KHN Morning Briefing

Summaries of health policy coverage from major news organizations

White House Moves $500 Million To IRS For Health Law Implementation

The funds were diverted to the Internal Revenue Service outside the normal appropriations process to help the agency implement the overhaul. Meanwhile, other news outlets report on developments related to accountable care organizations and primary care payment issues.  

The Hill: White House Has Diverted $500M To IRS To Implement Health Care Law
The Obama administration is quietly diverting roughly $500 million to the IRS to help implement the president's healthcare law. The money is only part of the IRS's total implementation spending, and it is being provided outside the normal appropriations process. The tax agency is responsible for several key provisions of the new law, including the unpopular individual mandate (Baker, 4/9).

Modern Healthcare: Blazing A Trail
For federal health officials, a couple of payment alternatives allow policymakers to offer participants some flexibility and experiment with the hope of identifying the best models. "It's meeting people where they are," said Dr. Richard Gilfillan, director of the Center for Medicare and Medicaid Innovation, which has oversight of the effort, known as the Medicare Pioneer ACO Model program. Participants were named in December, and each selected one of five payment models with varying degrees of potential risk and reward (Evans, 4/7).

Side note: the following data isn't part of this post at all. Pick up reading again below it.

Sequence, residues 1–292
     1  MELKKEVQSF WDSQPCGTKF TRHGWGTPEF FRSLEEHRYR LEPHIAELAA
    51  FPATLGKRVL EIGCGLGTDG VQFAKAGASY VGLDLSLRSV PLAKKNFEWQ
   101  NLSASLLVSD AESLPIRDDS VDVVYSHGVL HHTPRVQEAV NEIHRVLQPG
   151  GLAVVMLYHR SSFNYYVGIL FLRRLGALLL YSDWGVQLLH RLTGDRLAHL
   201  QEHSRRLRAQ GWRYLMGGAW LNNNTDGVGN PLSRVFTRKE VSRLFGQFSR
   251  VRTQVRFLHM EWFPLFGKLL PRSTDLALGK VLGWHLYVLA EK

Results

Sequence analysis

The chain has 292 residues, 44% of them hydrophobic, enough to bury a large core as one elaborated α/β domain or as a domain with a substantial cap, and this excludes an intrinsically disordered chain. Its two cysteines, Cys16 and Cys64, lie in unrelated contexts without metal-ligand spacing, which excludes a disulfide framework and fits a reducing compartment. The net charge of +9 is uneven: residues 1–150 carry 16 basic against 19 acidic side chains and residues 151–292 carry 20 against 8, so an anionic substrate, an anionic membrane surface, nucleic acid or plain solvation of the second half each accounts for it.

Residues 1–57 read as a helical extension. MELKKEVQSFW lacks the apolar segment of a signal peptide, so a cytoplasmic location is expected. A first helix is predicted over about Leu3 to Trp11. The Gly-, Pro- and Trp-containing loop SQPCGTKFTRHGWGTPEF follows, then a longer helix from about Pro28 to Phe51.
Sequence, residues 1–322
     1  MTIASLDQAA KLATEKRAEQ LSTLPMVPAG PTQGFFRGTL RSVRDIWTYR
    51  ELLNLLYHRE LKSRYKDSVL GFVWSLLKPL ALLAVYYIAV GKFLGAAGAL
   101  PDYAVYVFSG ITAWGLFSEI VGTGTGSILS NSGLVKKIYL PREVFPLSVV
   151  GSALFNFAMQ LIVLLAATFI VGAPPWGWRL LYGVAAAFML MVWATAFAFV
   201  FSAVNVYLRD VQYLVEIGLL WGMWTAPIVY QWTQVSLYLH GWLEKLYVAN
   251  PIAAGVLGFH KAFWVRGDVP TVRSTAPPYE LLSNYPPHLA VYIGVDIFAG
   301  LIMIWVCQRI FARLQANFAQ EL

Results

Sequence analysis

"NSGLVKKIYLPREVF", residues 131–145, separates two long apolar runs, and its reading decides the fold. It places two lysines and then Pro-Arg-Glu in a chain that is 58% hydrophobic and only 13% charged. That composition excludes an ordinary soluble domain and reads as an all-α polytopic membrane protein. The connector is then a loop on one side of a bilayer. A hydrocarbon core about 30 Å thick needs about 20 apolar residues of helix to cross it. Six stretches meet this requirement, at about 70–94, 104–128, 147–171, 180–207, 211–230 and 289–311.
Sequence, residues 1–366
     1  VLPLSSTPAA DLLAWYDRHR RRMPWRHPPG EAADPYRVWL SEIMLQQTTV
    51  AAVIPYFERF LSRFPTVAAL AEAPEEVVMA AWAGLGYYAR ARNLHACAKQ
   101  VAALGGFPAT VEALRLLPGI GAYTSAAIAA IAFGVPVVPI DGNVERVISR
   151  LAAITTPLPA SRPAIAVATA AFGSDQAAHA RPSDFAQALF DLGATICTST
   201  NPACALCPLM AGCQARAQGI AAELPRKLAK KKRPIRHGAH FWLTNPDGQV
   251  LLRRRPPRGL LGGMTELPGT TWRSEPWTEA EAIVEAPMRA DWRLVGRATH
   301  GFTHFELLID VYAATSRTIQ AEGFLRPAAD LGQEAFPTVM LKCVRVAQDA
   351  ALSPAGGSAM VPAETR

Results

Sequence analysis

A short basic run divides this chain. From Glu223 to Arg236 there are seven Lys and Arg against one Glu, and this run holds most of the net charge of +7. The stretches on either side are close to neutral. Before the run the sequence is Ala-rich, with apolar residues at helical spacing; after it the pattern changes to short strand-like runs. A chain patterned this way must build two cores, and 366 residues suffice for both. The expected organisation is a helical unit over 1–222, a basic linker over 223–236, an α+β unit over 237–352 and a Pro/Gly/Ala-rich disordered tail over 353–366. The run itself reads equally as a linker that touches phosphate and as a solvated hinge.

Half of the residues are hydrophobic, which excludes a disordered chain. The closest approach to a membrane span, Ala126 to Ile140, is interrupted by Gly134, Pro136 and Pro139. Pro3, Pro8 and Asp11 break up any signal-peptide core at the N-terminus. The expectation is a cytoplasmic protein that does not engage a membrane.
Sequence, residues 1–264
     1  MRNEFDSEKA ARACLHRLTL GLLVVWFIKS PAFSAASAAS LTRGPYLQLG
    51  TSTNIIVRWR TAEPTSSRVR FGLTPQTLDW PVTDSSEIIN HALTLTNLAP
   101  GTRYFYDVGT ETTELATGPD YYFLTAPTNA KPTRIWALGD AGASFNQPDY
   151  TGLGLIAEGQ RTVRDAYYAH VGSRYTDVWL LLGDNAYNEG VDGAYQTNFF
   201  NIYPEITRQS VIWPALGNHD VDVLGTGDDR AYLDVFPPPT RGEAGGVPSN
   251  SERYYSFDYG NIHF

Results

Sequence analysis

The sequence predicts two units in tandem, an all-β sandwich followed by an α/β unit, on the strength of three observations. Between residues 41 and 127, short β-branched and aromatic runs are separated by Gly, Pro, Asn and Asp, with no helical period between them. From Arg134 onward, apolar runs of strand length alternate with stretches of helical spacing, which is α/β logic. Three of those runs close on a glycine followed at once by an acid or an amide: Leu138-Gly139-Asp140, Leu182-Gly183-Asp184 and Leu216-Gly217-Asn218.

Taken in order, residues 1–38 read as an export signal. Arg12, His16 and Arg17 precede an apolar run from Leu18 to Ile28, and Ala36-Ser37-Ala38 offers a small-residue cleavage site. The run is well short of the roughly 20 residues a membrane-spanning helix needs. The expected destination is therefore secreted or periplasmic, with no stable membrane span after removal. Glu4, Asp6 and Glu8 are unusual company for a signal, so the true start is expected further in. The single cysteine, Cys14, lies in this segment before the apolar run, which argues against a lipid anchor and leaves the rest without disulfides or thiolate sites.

Politico Pro: Specialists Want Cut Of Primary Care Cash
Step one: The health reform law boosts Medicaid pay for primary care physicians for two years. Step two: Everyone wants to be primary care physicians. Specialty physician groups are pressing CMS for a more expansive definition of primary care services, saying a broader definition is more consistent with the intent of the health care law, if not the actual legislative text. Lobbyists for the American Academy of Pediatrics and the American Congress of Obstetricians and Gynecologists have urged CMS to include them under an Affordable Care Act provision that will allow primary care doctors to receive Medicare-level rates when they treat Medicaid patients (DoBias, 4/6).

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